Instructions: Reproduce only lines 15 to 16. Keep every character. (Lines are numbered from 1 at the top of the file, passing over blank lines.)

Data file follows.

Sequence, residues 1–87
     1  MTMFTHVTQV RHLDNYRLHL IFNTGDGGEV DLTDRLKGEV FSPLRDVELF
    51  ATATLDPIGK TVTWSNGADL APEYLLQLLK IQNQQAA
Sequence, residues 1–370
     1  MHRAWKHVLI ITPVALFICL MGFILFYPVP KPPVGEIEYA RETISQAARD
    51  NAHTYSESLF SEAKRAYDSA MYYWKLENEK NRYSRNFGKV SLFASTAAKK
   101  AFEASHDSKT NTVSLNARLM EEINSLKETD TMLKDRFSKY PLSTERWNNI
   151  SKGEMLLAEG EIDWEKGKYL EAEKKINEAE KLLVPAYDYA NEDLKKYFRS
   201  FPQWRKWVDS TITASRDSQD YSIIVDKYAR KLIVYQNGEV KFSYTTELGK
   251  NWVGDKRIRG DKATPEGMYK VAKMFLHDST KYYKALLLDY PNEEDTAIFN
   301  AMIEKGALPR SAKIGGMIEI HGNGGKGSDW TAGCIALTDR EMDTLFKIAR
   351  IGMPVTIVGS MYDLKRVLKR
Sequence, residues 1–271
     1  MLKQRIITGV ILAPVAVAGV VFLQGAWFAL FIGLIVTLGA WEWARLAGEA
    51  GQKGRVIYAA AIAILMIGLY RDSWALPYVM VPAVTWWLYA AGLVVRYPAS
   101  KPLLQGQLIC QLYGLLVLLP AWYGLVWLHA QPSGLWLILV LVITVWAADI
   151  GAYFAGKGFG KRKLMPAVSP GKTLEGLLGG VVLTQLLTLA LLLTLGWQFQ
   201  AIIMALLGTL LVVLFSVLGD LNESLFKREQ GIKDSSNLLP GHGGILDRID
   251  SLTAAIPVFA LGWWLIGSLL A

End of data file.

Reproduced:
    51  GQKGRVIYAA AIAILMIGLY RDSWALPYVM VPAVTWWLYA AGLVVRYPAS
   101  KPLLQGQLIC QLYGLLVLLP AWYGLVWLHA QPSGLWLILV LVITVWAADI